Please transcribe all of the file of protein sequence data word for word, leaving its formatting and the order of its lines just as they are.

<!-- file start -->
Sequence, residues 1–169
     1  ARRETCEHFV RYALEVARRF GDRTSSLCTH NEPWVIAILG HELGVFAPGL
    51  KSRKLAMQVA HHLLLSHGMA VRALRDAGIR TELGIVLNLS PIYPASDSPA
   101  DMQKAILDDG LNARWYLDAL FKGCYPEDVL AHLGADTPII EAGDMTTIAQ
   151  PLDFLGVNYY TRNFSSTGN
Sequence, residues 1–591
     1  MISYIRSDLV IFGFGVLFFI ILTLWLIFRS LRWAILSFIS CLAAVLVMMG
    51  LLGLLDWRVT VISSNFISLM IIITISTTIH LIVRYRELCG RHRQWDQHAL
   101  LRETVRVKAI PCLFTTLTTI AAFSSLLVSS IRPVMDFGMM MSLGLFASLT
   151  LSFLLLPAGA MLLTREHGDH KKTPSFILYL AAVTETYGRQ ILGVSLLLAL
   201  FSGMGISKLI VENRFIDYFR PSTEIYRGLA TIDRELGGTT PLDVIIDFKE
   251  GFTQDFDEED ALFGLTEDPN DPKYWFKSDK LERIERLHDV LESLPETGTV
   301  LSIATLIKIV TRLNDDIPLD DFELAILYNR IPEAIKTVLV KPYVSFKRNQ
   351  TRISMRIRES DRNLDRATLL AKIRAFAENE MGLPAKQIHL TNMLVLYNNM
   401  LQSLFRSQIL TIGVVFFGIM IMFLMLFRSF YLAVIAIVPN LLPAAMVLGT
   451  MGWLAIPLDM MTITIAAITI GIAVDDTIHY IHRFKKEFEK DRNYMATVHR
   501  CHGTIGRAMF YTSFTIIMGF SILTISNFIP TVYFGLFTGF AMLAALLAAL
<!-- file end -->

Sequence, residues 1–169
     1  ARRETCEHFV RYALEVARRF GDRTSSLCTH NEPWVIAILG HELGVFAPGL
    51  KSRKLAMQVA HHLLLSHGMA VRALRDAGIR TELGIVLNLS PIYPASDSPA
   101  DMQKAILDDG LNARWYLDAL FKGCYPEDVL AHLGADTPII EAGDMTTIAQ
   151  PLDFLGVNYY TRNFSSTGN
Sequence, residues 1–591
     1  MISYIRSDLV IFGFGVLFFI ILTLWLIFRS LRWAILSFIS CLAAVLVMMG
    51  LLGLLDWRVT VISSNFISLM IIITISTTIH LIVRYRELCG RHRQWDQHAL
   101  LRETVRVKAI PCLFTTLTTI AAFSSLLVSS IRPVMDFGMM MSLGLFASLT
   151  LSFLLLPAGA MLLTREHGDH KKTPSFILYL AAVTETYGRQ ILGVSLLLAL
   201  FSGMGISKLI VENRFIDYFR PSTEIYRGLA TIDRELGGTT PLDVIIDFKE
   251  GFTQDFDEED ALFGLTEDPN DPKYWFKSDK LERIERLHDV LESLPETGTV
   301  LSIATLIKIV TRLNDDIPLD DFELAILYNR IPEAIKTVLV KPYVSFKRNQ
   351  TRISMRIRES DRNLDRATLL AKIRAFAENE MGLPAKQIHL TNMLVLYNNM
   401  LQSLFRSQIL TIGVVFFGIM IMFLMLFRSF YLAVIAIVPN LLPAAMVLGT
   451  MGWLAIPLDM MTITIAAITI GIAVDDTIHY IHRFKKEFEK DRNYMATVHR
   501  CHGTIGRAMF YTSFTIIMGF SILTISNFIP TVYFGLFTGF AMLAALLAAL